[aprssig] SATgates ? (again)
steve at dimse.com
steve at dimse.com
Wed Jan 27 08:01:35 CST 2016
> On Jan 27, 2016, at 6:06 AM, John Wiseman <john.wiseman at cantab.net> wrote:
> Although delaying directly heard packets for 10 seconds sounds a viable
> approach, I'm not sure you could guarantee that a packet will be
> retransmitted by the satellite and propagated to all Igates within 10
Actually, I think you can pretty much guarantee it except in the case of malfunctions in the APRS IS. Understand it isn't that the digi'ed packet has to get to other IGates, it has to get to the APRS IS, and specifically to findU, aprs.fi, and other databases first. In the absence of a malfunctioning station somewhere (see recent thread here) the latency in the APRS IS is generally under a second.
Also, to be clear, the IGate software need not do any comparing for this to work. It simply holds any directly heard packet (no used vias in the path) for 10 seconds. Even if it hears the digi'ed packet itself, the digi'ed packet will have a used digi in the path and will not be held. It gets send immediately from the IGate to the hub it is connected to. When it releases the direct packet that it is holding that first hub will filter it. If another IGate hears the digi'ed packet it sends it with no delay, and so there is 10 seconds for it to travel the APRS IS and reach all the databases before the first IGate releases the direct packet.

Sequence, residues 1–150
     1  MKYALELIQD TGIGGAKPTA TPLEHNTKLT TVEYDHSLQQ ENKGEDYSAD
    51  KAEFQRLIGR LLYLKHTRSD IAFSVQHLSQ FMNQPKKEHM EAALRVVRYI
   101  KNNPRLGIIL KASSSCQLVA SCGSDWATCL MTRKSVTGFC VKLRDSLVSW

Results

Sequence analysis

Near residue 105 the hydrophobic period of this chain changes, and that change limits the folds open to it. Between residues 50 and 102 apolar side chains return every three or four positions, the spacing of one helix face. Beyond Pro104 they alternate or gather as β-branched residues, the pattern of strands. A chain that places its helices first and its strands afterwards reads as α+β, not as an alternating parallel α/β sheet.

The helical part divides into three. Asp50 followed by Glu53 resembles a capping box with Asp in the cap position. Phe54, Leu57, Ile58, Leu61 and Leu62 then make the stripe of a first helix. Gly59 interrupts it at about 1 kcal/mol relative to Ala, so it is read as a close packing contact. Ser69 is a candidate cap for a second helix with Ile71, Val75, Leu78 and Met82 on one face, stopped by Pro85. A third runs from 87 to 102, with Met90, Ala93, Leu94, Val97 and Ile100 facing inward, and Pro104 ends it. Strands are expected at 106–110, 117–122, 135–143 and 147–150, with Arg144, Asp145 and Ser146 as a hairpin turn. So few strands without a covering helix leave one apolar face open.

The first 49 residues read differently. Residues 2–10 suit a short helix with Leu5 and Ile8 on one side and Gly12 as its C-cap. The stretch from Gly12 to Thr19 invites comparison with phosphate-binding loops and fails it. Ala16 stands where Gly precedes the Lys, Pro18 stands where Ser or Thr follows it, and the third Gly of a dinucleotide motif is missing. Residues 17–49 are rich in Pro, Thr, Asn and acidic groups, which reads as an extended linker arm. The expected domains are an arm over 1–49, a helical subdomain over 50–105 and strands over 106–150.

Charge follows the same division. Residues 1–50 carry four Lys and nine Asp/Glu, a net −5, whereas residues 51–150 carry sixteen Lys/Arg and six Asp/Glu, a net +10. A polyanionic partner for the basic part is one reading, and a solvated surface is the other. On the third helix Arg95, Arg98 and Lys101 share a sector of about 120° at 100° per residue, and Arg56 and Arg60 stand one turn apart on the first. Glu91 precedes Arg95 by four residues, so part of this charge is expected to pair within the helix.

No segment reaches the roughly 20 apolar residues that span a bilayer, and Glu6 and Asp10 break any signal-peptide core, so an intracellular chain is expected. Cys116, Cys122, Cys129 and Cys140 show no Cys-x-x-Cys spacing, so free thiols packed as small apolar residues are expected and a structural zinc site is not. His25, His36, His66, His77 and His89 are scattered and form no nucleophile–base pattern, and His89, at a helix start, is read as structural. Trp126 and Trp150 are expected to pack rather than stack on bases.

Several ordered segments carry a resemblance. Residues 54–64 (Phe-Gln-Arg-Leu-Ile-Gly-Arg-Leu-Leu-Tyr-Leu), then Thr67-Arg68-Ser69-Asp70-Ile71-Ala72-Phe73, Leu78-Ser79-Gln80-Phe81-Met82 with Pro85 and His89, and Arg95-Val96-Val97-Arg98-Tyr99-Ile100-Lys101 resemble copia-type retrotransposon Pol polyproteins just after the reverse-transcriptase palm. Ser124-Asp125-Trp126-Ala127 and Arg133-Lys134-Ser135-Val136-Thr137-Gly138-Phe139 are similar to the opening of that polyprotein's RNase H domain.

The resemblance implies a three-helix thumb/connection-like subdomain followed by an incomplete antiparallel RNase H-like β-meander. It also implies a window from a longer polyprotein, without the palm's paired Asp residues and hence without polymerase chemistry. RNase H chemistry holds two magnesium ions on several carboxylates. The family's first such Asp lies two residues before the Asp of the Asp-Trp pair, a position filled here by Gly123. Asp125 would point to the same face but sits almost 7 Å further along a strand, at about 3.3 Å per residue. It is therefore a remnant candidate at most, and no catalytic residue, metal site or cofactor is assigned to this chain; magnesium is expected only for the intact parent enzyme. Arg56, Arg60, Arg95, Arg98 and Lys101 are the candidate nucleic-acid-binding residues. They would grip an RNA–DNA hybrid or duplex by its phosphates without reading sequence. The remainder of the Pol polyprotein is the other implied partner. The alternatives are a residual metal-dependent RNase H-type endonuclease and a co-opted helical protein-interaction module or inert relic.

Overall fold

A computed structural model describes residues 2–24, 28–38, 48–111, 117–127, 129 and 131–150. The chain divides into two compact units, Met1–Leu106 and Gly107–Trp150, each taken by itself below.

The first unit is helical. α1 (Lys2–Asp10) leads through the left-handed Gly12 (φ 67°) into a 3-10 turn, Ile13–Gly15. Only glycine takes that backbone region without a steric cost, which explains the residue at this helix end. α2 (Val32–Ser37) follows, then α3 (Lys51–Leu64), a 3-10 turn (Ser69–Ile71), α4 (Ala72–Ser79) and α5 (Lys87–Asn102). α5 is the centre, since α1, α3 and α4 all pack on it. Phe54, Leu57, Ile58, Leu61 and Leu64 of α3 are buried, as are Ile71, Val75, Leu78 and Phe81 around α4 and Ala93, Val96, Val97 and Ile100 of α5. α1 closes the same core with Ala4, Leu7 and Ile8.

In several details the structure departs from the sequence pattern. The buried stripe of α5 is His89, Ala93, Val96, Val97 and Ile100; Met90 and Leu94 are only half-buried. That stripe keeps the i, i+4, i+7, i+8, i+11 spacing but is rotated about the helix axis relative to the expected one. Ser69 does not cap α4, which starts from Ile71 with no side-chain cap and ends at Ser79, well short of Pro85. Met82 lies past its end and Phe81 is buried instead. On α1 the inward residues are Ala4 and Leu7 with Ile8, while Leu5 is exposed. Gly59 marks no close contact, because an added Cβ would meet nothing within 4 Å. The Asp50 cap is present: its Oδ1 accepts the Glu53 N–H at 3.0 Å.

The APRS IS functions with remarkable reliability. And if it is functioning correctly the 10 second delay will work. Are there situations that could still result in a direct packet getting into findU before the digipeated one? Yes, but very rarely and only in the case of malfunctions.
This scheme will allow all the direct packets to be heard, the extra 10 second delay is no problem, and will let the digipeated packets have preference the vast majority of the time. This is a far better solution than a filter of direct packets with a list of blessed stations. It is easy to implement and does not need maintenance as new satellites come online.
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